2

votes

Possible Gestational Diabetes Misdiagnosis

Answered on August 19, 2014
Created May 11, 2012 at 5:13 AM

Despite knowing better, I was pressured into taking the 2hr glucose tolerance test. I failed. Miserably. The test was 75gm Glucola and at 1hr my sugars were 208 and 2hr they were 193. Oops. Since then I have found a few studies that show low carb diets tend to increase the rate of failure of the OGTT in individuals who would otherwise pass if they were consuming a higher-carb diet. I have been asked to test my sugars for 2 weeks, while keeping a food log, and if everything is fine, they would reverse the diagnosis. My levels 1h after eating have been great, with most all in the 80-90s range. Unfortunately, today I worked late and was feeling hungry and tired, so I stopped for Pho and salad rolls. Big mistake.

My 1hr glucose was 180! 90 minute reading was down to 96 and 2hr was down to 89.

Now I feel like my appointment tomorrow is going to be a big battle. How normal is it for someone without diabetes to have a spike that high? It seems that the levels returned to normal pretty quick, without any reactive hypoglycemia, but I honestly don't know much about diabetes.

Edited: Meeting with the midwife and perinatologist today was interesting. They don't think I have GD (DUH) but aren't willing to remove the diagnosis. The dietician didn't know what to say either other than to "eat more carbs." Lame. So in agreement, I have two weeks to increase my carb intake and re-take the OGTT so that I can pass and have a waterbirth. I'm meticulously planning on how to do this through fruits and a little brown rice. Not ideal, but two weeks won't kill me, and then I can go back to normal dieting. I hate being their experiment, but they admit they haven't ever dealt with this before. Hopefully I can save someone else this grief later on.

Also, I have many of the (peer-reviewed) articles on low-carb dieting and propensity to fail an OGTT, if anyone wants them. Go in armed with research before being bullied into the test! There are alternate solutions.

Thanks for all the helpful answers!

Final edit: I ate like crap for the last week and a half as per doctors orders. My old friends Ben and Jerry visited a few times and I have felt so crummy. My body is bloated, my head has been congested, my GI tract is angry, and my eczema is flaring up for the first time in a while. I took a second 75gm OGTT this morning, and passed with flying colors. My 1 hour reading was 147 (cutoff 180 mg/dl) and my 2 hour reading was 127 (cutoff 153mg/dl). I don't know whether to be happy about passing or mad that I had to eat crap for the last couple of weeks just to get this diagnosis taken away.

94a4a87e3d2e1e9160b6ed77678b4bea

(1311)

on September 07, 2013
at 01:28 AM

Hi Roni - I know this is an old post but I am in a similar situation and was wondering if you still the peer review articles as I am quite interested in discussing this further with my obstetrician? Thanks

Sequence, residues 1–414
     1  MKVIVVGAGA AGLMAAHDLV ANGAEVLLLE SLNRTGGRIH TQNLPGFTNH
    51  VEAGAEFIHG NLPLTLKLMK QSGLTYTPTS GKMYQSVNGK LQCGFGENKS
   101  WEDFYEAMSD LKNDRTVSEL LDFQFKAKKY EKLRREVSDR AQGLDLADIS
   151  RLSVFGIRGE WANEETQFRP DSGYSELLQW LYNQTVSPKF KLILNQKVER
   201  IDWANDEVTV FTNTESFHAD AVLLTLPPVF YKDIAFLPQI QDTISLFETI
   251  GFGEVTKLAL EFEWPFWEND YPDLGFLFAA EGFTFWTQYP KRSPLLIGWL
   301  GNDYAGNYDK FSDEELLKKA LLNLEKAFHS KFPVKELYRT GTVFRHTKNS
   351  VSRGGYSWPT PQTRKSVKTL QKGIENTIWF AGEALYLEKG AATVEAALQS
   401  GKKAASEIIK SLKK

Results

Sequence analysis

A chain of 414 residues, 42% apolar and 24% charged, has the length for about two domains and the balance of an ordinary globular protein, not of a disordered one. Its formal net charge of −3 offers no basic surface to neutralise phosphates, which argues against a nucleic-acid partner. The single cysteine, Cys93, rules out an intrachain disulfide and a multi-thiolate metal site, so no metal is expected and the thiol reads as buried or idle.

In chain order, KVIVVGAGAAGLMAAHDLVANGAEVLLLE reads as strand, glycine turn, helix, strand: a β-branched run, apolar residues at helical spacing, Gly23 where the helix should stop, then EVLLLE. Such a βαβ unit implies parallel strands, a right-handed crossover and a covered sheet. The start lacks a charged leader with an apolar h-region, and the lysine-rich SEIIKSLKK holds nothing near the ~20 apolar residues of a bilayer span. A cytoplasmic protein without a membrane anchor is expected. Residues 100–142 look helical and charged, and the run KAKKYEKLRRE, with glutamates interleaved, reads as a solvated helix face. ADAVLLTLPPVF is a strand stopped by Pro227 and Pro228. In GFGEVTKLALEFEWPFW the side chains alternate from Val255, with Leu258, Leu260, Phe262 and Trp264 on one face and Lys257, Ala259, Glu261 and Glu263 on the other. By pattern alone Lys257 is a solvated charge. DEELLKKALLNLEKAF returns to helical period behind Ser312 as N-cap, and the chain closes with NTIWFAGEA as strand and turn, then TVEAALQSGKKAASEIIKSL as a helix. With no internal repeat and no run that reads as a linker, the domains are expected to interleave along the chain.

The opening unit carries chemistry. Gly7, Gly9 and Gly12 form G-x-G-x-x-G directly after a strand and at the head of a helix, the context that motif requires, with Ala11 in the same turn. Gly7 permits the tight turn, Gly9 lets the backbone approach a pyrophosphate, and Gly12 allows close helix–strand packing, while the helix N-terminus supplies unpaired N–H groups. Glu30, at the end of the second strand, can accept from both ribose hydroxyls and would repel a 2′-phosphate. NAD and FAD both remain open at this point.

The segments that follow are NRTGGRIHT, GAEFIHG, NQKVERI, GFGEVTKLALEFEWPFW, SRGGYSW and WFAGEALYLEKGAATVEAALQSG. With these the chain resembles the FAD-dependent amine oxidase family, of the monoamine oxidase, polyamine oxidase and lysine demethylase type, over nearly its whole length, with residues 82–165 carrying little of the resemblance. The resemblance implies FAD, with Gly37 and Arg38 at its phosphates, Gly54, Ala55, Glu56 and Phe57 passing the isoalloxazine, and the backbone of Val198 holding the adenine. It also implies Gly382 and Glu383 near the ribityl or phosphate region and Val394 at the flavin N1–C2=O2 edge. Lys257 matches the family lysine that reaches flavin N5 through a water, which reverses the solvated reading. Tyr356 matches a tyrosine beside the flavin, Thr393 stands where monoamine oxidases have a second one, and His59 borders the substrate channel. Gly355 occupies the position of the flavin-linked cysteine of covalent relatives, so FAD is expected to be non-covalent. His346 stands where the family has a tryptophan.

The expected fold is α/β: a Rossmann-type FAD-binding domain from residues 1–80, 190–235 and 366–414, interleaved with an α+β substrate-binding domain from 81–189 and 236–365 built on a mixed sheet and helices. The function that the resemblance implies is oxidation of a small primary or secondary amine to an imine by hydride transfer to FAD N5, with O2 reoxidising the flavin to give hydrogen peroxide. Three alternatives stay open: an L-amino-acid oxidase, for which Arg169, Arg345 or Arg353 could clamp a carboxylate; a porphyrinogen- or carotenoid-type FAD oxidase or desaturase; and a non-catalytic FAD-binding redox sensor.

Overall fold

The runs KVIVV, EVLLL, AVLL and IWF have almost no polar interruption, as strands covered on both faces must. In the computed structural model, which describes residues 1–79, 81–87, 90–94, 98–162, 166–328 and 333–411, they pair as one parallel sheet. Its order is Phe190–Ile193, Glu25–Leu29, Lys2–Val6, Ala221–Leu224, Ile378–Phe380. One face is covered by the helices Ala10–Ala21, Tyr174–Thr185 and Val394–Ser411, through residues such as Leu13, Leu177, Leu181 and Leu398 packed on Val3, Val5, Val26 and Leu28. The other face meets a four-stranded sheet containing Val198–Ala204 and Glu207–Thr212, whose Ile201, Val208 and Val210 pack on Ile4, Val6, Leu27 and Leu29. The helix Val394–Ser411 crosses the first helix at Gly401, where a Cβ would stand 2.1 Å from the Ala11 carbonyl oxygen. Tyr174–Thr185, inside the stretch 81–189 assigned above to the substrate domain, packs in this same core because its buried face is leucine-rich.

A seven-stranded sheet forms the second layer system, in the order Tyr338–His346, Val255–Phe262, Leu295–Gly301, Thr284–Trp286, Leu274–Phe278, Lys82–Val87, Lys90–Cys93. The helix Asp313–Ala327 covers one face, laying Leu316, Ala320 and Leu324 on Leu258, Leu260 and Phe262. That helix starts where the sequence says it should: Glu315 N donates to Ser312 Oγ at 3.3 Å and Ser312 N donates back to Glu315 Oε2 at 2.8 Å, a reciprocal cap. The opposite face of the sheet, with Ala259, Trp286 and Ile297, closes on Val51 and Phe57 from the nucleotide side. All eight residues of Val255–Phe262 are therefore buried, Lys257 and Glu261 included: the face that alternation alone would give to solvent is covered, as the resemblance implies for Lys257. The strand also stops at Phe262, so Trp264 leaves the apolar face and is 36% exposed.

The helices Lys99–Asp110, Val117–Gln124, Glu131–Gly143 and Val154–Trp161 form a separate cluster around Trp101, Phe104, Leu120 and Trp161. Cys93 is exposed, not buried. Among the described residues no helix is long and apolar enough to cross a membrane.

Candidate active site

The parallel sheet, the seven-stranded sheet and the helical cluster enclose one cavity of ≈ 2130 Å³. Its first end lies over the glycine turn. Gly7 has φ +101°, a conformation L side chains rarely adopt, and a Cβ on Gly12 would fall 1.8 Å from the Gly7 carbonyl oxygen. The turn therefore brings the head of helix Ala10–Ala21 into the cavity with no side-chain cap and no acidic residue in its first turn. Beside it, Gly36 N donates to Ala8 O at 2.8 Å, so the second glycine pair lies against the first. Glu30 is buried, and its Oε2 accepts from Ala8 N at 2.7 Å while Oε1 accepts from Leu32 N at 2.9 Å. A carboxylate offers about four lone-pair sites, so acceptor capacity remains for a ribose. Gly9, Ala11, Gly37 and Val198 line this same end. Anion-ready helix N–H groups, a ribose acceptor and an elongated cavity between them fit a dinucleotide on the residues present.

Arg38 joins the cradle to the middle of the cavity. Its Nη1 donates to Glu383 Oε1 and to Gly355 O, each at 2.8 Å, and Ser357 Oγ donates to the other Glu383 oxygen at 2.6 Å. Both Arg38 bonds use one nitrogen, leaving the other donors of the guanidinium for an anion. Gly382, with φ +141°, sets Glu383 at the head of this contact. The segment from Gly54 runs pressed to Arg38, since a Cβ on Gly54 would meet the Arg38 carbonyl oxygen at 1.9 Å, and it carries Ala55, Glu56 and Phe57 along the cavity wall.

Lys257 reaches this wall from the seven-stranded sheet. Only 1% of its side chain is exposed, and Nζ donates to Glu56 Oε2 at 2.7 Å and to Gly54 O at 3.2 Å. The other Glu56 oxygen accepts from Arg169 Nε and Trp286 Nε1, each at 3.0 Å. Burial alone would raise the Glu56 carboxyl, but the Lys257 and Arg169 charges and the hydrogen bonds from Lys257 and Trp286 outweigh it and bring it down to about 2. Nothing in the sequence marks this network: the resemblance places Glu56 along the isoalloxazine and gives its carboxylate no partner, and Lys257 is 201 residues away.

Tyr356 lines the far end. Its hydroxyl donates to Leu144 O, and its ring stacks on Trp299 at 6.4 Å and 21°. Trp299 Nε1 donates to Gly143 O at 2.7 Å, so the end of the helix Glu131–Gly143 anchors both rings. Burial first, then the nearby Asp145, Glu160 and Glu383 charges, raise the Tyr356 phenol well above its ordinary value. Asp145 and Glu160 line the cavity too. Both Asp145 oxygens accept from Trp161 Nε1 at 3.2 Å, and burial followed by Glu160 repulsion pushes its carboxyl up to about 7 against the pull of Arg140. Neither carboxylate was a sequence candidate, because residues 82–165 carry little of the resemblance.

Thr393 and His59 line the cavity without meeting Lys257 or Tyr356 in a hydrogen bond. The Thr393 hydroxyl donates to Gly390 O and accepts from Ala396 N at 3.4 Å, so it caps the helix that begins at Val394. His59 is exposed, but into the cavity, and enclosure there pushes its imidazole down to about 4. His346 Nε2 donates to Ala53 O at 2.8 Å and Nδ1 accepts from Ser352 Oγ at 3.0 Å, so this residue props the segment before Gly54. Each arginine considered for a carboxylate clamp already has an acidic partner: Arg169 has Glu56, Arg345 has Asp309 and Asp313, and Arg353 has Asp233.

2ea24c22690b54e938229b140dcf60f7

(158)

on May 23, 2012
at 04:13 PM

I don't think the GD was "reversed," but that I never technically had diabetes to begin with. I only failed the test because of my diet. The test isn't a one size fits all, but they attempt to make everyone conform to their standards. They will, however, reverse the diagnosis which means a lot more than just the ability to have a water-birth, but also less interventions along the way, less pressure to induce, and less people with their hands in the pot.

3c6b4eed18dc57f746755b698426e7c8

(5152)

on May 23, 2012
at 01:30 PM

Supposedly, GD is reversible in many. Ask your doc about this.

1296f5fecd084f101d7c5fbe013f07eb

(1213)

on May 12, 2012
at 04:44 PM

That is, in fact, super lame! Thanks for sharing - I'll file it away as future advice. I hope everything works out. :-)

2ea24c22690b54e938229b140dcf60f7

(158)

on May 12, 2012
at 03:32 AM

It was a matter of a water-birth. I had originally declined the test, as I was told I could decline any test. I should have offered to do 2 weeks of postprandial glucose readings. Later I was told that as a rule, this hospital does not allow waterbirths for women diagnosed with GD because of possible shoulder dystocia and the baby getting stuck. Because I had declined the test, they couldn't say that I did not have GD, and could not guarantee that I would be able to have a water birth. Lame. I wish I had done all of the research before hand.

1296f5fecd084f101d7c5fbe013f07eb

(1213)

on May 11, 2012
at 09:40 PM

May I ask about being "pressured?" What did your doctor? nurse? whoever? say? I'm just curious, having little (none) experience in this type of appointment.

E5c7f14800c5992831f5c70fa746dc5c

(12857)

on May 11, 2012
at 02:18 PM

You have physiological insulin resistance because you don't eat enough carbohydrates and are relying too much on fatty acids which block glucose metabolism.

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4 Answers

0
61844af1187e745e09bb394cbd28cf23

(11058)

on May 11, 2012
at 04:30 PM

If, after 2 hours, your numbers were down to 89, your body is reacting normally to the carbs you do ingest.

0
Cbc1f37f2b79b079b0de479d5365a231

on May 11, 2012
at 07:05 AM

Chris Kresser has some interesting things to say about GD. Do a search of his podcasts, I'm sure he spoke about it in Episode 7 if that helps, sorry can't find a link just now.

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